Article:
i poured off a sample of each tonight just to see where they're at and they were just huge cups of foam with only a small amount of beer in the bottom. i was under the assumption that this is what it will be like until the CO2 fully disolves into the beer but it got me to thinking, is the pressure i set to carbonate the beer the same as the serving pressure or do i lower it when ready to serve?

if so, what's a standard serving temp?

Thanks,

tg


How long are your beer lines anbd what size are they? Mine are all 3/16" ID and 5-6 feet long. I serve and carbonate at 10-14 PSI depending on how much beer is in keg and if the keg is low in my fridge or on the compressor shelf in the back.


ok so i took a look, i have 3/16" id lines but there are only about 45" long (3.75' roughly) i checked my CO2 gauge and it must have got jostled or something when i put it in the fridge because it was set to 18psi.

i used the calculator here: http://www.iancrockett.com/brewing/info ... ce.shtml#4

i put in 10psi, 3.75' length of tube, 2lb/ft resistance and 5' above the centre of the tank and it should work out.

i bled off both kegs and will check again tomorrow.

tks,

tg
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Re: Brand spanking new to kegging

Wed Dec 01, 2010 11:10 am

bufordsbest wrote:
ok so i took a look, i have 3/16" id lines but there are only about 45" long (3.75' roughly) i checked my CO2 gauge and it must have got jostled or something when i put it in the fridge because it was set to 18psi.

i used the calculator here: http://www.iancrockett.com/brewing/info ... ce.shtml#4

i put in 10psi, 3.75' length of tube, 2lb/ft resistance and 5' above the centre of the tank and it should work out.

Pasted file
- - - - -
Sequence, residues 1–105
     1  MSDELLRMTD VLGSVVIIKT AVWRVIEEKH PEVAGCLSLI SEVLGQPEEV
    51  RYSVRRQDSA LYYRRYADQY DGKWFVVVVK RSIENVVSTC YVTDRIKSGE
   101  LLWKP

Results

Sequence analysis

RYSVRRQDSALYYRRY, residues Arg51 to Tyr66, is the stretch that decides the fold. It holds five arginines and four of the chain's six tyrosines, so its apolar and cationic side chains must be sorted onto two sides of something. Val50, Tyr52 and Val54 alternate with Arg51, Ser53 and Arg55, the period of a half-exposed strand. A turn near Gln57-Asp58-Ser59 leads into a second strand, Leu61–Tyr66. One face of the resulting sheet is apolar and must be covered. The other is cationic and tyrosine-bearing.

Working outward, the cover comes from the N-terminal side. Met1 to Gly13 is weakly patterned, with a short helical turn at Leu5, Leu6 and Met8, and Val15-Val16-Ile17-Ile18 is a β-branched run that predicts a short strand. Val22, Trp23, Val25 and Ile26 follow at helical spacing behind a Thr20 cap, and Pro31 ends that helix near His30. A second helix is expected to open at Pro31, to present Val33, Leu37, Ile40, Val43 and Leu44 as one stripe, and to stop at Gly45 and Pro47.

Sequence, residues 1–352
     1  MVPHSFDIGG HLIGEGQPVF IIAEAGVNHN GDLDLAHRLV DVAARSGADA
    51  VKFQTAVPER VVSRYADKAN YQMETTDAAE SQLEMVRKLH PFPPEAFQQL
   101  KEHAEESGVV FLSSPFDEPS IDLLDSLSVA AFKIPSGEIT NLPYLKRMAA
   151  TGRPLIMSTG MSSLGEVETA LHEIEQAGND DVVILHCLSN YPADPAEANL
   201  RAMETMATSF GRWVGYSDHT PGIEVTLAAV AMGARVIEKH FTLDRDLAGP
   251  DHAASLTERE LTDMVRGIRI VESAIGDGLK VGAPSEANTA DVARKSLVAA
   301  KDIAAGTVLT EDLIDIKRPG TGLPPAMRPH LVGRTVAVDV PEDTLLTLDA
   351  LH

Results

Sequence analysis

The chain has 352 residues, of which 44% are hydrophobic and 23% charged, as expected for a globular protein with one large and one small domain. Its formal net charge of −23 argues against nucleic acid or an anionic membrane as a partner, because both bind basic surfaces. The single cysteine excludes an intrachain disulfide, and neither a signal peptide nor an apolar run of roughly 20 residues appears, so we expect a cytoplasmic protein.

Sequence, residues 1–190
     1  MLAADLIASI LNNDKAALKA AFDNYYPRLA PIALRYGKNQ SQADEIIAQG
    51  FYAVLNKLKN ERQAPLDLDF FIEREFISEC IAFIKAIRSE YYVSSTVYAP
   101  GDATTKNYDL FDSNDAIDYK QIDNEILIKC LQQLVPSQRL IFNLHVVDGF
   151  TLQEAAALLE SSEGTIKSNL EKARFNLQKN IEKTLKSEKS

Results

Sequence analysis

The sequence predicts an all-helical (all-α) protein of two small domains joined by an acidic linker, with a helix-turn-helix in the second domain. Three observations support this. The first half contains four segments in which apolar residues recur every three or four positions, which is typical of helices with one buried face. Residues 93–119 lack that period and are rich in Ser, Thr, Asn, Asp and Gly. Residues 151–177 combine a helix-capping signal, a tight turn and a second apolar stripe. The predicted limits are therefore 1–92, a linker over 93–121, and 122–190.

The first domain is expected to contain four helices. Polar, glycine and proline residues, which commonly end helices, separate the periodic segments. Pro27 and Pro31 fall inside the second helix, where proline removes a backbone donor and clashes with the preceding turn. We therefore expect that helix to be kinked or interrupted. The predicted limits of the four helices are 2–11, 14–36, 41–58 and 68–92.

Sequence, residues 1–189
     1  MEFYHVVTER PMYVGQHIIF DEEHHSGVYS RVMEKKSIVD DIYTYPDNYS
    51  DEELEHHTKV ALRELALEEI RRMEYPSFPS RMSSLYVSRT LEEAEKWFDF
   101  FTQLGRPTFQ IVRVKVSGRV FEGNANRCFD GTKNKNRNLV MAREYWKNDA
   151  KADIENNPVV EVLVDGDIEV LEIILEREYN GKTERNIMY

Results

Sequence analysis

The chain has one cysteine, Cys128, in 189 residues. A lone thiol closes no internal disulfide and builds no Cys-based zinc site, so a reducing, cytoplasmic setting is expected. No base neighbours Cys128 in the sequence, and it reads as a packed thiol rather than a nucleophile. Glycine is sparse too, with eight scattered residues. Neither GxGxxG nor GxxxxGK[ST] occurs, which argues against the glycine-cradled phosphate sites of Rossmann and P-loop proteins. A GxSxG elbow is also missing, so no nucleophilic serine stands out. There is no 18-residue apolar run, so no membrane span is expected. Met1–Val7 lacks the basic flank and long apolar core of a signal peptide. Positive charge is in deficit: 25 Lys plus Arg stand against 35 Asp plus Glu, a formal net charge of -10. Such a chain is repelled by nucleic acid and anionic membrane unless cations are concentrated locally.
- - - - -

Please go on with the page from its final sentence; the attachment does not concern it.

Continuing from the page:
i bled off both kegs and will check again tomorrow.

tks,

tg


BTW, those calculators never worked for me. Maybe the numbers they have for resistance/foot is off. I've always used 3/16" beer line, at 40 degrees, with the tap about 18" up from the center of my kegs and found I need at least 7' of tubing to get a 2oz/sec pour rate. YMMV.


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Re: Brand spanking new to kegging

Wed Dec 01, 2010 1:46 pm

The reasons for the calculators being off is that they use what the author of the calculator figured was an average resistance rate for tubing used. In reality the same size diameter tubing from different manufacturers and different materials will vary widely in the internal resistance. Thus what may take 4' of one tubing may take 7' for another. I always start with a foot or two longer that the maximum amount I think I will need and trim pieces off as needed once I check the flow.

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Re: Brand spanking new to kegging

Wed Nov 28, 2012 12:27 pm

Bugeater wrote:The reasons for the calculators being off is that they use what the author of the calculator figured was an average resistance rate for tubing used. In reality the same size diameter tubing from different manufacturers and different materials will vary widely in the internal resistance. Thus what may take 4' of one tubing may take 7' for another. I always start with a foot or two longer that the maximum amount I think I will need and trim pieces off as needed once I check the flow.

Wayne


+1. What you want is smooth, laminar flow. Too much pressure (i.e. too little line or too large a line width) and you'll get a glass of foam. Too little and you'll gurgle out of the tap and get foam that way. I have two constants in my system: the temp of the fridge and the pressure on the reg. I start long (~ 7 feet of 3/16" line) and adjust beer line length down until I like how it pours. Then I never touch it again.